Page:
All The Broken People started with acapella from Amy, before Aaron joined on guitar and finally the rest of the band: classic 70’s rock with strong guitar melodies laid over the music. Amy’s breath control is superb, allowing her to hold long notes without strain, yet always with passion and restrained power. When Aaron joins his voice with hers, he provides the perfect musical foil, a depth to her already broad vocals. Through the evening there were times when Aaron was the lead singer, Amy then providing harmonies, and it showed a different side to their music, an additional facet. They even invited Huia Hamon onstage to provide additional harmonies on songs such as Home, where Aaron and Amy each took lead. By now the crowd were really attentive and, in the groove, and while not as rowdy as they had been during Albi & The Wolves, they were still more than happy to dance and join in the chorus.

Let It Go is musically quite basic, but this is just the foundation and it is all about some simply incredible vocals, and when Amy finally rips into the scream there is so much power it feels like the windows may shatter. She brings it home with a total change in pace, almost childlike in its innocence, with Aaron providing the perfect accompaniment on keyboards. That song was one of the real highlights of a magical evening, alongside the next one, Hine Atarau, which is  real builder. This contains some delicate picking from Aaron, alongside a gentle melodic lead and the drums adding just the right emphasis. Pascal was invited back onstage and joined in for a few numbers, adding additional bite and direction, taking the music in a more country direction with wonderful feel, and there was a feeling that by now everyone was having a party both onstage and off. With Aaron switching instruments, and he and Amy both singing leads, this is an incredibly diverse band and playing as a quintet provided much more depth I am sure, but I am also looking forward to catching them as a duo as I am sure that will be a wonderful experience in a different way.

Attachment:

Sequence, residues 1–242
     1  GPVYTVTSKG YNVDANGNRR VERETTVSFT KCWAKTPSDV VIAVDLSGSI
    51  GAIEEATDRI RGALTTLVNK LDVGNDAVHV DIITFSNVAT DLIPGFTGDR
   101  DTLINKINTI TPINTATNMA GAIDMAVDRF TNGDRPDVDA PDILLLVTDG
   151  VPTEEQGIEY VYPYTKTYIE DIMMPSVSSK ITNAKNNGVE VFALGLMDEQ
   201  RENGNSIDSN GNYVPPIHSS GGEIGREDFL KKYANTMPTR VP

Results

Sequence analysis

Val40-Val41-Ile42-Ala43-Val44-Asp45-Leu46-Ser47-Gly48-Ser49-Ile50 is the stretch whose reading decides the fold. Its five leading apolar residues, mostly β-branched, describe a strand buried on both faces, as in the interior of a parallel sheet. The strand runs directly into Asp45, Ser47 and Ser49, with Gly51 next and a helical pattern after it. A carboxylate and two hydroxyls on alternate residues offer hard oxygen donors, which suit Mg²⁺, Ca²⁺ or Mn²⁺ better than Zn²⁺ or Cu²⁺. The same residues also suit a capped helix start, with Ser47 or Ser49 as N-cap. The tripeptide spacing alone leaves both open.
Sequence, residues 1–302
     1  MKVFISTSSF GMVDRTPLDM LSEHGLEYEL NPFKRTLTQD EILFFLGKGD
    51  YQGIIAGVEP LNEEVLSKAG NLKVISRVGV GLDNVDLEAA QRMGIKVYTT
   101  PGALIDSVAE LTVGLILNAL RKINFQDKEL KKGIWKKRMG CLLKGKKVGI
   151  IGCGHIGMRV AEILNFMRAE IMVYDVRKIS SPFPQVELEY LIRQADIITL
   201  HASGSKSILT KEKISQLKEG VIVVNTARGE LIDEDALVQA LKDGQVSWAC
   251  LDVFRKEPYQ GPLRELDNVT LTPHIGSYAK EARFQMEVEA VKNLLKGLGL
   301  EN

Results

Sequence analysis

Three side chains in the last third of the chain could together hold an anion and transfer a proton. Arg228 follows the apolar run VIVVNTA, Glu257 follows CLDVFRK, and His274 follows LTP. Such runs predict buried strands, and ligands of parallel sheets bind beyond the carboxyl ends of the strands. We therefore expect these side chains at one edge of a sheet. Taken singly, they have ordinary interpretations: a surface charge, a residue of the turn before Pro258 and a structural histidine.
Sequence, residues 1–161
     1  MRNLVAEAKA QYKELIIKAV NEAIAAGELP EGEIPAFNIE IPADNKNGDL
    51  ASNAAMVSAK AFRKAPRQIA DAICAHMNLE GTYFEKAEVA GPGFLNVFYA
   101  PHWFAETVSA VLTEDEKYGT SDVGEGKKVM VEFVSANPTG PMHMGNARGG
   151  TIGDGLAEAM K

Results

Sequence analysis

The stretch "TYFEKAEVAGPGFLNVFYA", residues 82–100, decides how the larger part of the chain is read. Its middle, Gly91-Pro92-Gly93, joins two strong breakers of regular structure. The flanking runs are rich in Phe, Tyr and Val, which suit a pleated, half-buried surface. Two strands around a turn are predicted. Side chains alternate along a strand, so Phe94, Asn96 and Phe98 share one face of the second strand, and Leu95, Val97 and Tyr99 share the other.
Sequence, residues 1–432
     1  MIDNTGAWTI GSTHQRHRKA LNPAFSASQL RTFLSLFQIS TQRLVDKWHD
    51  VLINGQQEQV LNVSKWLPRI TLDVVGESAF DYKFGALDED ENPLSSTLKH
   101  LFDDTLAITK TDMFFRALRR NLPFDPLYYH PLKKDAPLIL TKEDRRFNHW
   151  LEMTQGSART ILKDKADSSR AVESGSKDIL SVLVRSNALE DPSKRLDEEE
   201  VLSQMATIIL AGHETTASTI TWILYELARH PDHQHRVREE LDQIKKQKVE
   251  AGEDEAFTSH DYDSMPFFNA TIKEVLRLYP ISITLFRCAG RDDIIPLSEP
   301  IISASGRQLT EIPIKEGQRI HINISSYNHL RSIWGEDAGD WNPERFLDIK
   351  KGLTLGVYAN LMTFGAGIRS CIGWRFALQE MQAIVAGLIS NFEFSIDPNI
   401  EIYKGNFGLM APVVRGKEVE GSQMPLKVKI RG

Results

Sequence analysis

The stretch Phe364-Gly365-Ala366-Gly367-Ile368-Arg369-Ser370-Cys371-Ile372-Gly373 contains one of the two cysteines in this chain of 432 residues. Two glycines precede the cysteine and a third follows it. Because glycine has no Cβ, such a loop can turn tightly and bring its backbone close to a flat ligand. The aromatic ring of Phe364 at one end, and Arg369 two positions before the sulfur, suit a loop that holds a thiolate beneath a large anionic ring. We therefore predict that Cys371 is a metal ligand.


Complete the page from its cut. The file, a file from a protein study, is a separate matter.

All too soon it was over, but a quick conversation between Amy and Aaron led to all of Albi & The Wolves, as well as Huia and Chris, being invited up (this did mean Pascal had to stand on the floor as there was simply no room on the stage). A quick “do you know this one” deliberation took place, and then they launched into an unplanned and unrehearsed Superstition to end the night. Tonight, was a wonderful evening from three great acts, and I look forward to catching all of them again in the near future.

 

About Looking For Alaska

Like two weary vagabonds hitch-hiking along the open road with nothing but a guitar and a suitcase of songs and wayward memories, pop-folk duo Looking For Alaska are ready to set the New Zealand folk scene alight.